Two National Wildlife Federation staffers called the Deepwater Horizon Response hotline yesterday to report oiled wildlife. Neither came away hopeful at getting much of a response.
The call center is located more than 400 miles away from the spill site in Houston, TX -- not coincidentally, where BP America is headquartered. The operator's distance from the disaster & seeming unfamiliarity with it made relating the incidents nearly impossible.
Here's the first story from one National Wildlife Federation staffer:
Hotline Operator: "Deepwater Horizon Response"
NWF: "Hi, I'm out in Barataria Bay, and I'm calling to report an oiled brown pelican that we found."
Hotline: (pause) "This is the Deepwater Horizon Response official hotline."
NWF: "Yes, this is the oiled wildlife hotline number given on the website? I'm calling to report oiled wildlife."
NWF: "I am on a boat, out in Barataria Bay, and we found oiled wildlife. Isn't this the oiled wildlife hotline number that people are supposed to call to report oiled wildlife?"
Hotline: (pause) "Ohhhhh okay.....Can I get your name?"
Spelled my name for her and she repeated it back to me.
Hotline: "Can I get your telephone number?"
That went fairly successfully.
Hotline: "And how can I help you ma'am?"
NWF: "I'm on a boat. I'm in Barataria Bay, looking at Queen Bess Island, and I see an oiled brown pelican. Can I give you the GPS coordinates and can you dispatch someone to recover it?"
We give the GPS coordinates, and she repeats them to us.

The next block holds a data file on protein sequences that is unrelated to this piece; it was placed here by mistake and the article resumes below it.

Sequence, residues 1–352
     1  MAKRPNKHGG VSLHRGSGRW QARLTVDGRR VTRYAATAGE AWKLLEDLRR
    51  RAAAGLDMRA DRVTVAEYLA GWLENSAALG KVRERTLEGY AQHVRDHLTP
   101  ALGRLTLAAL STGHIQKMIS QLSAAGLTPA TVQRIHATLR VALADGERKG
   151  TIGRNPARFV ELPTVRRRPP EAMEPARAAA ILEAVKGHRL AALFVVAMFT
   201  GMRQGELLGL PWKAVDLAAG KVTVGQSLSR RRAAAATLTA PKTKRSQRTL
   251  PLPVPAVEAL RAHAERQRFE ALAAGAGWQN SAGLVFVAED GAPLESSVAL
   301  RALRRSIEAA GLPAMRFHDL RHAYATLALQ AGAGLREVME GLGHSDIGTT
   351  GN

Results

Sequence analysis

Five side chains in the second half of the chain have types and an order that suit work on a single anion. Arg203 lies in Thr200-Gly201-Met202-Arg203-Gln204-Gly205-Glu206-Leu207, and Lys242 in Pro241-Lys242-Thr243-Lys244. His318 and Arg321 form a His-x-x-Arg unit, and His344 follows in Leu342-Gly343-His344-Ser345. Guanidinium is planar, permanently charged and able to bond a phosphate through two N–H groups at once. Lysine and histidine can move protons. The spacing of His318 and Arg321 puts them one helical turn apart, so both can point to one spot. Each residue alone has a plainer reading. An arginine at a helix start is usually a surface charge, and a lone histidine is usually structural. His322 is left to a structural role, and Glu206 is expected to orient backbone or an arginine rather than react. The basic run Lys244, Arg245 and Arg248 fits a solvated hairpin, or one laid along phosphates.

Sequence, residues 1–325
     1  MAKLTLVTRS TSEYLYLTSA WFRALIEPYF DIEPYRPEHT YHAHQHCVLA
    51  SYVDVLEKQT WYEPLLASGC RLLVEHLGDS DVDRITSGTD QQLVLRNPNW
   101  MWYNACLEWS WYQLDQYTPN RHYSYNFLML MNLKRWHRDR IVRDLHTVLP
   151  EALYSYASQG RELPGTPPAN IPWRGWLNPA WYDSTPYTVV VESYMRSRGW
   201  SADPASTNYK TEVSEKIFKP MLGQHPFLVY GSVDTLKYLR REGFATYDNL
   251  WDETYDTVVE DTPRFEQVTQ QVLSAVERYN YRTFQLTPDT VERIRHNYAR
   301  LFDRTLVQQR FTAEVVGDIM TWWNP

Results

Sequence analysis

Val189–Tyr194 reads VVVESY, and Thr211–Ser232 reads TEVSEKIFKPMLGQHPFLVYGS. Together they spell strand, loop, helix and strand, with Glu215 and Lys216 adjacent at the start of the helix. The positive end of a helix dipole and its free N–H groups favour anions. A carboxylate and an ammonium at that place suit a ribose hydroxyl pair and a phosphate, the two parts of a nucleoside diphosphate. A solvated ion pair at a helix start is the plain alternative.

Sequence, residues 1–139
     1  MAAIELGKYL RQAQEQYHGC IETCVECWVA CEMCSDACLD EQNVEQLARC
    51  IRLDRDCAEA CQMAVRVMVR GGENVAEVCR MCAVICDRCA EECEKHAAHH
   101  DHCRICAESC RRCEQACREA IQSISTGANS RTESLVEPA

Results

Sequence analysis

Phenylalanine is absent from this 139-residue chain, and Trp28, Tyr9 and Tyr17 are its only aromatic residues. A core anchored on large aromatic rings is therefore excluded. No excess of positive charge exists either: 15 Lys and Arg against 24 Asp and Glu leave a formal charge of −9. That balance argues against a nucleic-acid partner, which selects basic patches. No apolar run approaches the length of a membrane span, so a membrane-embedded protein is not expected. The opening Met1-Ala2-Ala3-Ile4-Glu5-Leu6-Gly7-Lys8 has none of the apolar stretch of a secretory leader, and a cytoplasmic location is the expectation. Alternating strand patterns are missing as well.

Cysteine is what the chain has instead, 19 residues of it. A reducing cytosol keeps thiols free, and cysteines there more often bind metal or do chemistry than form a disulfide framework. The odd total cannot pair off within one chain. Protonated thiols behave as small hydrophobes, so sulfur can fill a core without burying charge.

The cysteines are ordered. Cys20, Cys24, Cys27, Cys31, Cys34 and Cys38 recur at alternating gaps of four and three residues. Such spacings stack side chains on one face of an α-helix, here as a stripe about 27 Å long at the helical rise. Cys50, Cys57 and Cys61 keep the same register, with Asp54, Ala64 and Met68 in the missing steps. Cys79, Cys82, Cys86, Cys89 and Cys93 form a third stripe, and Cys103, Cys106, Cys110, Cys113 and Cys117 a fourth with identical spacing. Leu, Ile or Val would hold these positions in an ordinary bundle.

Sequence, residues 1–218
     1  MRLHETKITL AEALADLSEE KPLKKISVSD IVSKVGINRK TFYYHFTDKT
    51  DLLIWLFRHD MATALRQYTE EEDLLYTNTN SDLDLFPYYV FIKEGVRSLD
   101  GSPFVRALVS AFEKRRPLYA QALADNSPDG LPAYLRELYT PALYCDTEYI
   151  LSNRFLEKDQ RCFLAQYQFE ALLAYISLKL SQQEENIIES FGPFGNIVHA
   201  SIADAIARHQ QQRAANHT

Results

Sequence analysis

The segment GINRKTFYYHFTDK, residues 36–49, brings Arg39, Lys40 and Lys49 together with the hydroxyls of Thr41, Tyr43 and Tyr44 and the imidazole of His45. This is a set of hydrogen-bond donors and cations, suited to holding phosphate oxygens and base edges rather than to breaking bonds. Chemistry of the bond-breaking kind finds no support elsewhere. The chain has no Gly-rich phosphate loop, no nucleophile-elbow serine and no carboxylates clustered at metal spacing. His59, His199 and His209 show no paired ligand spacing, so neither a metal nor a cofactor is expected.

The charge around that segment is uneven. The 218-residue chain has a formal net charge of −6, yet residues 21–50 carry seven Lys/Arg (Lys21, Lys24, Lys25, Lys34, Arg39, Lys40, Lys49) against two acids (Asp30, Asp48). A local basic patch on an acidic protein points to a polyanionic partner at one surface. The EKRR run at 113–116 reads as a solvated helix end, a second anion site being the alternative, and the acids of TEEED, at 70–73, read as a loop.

Hotline: "Where are you now?"
NWF: "I'm sitting on a boat in Barataria Bay, at Queen Bess Island, at the GPS coordinates I just gave to you."
Hotline: "And what is your mailing address?"
NWF: "Why do you need my mailing address?"
Hotline: "Ok, what is the nearest major intersection?"
I was tempted to tell her "The Gulf of Mexico and land." But I didn't.
NWF: "Ma'am there is no intersection, I'm out in a boat, in a bay, looking at an oiled pelican at the GPS coordinates I gave you, and I'm going to have to go because it's about to start raining and we need to get off the water as soon as we can."
She asked me three times what the nearest intersection was. Three.
Hotline: "Can you hold for my supervisor?"
I told her I would, but that she had all the info I could give her- name, phone number, and GPS coordinates. I held for 3 minutes and then basically hung up.
But not before she asked me at the end of the call what state I was in. And what my name was again.
I hope others haven't had similar experiences, but this was very discouraging.
And, by the way, we watched the pelican for a while, but it eventually flew away.
Here's the National Wildlife Federation's Maura Wood with an eerily similar story:
For all the latest news on how the oil spill is impacting the Gulf Coast's wildlife & to learn how you can help, visit NWF.org/OilSpill.
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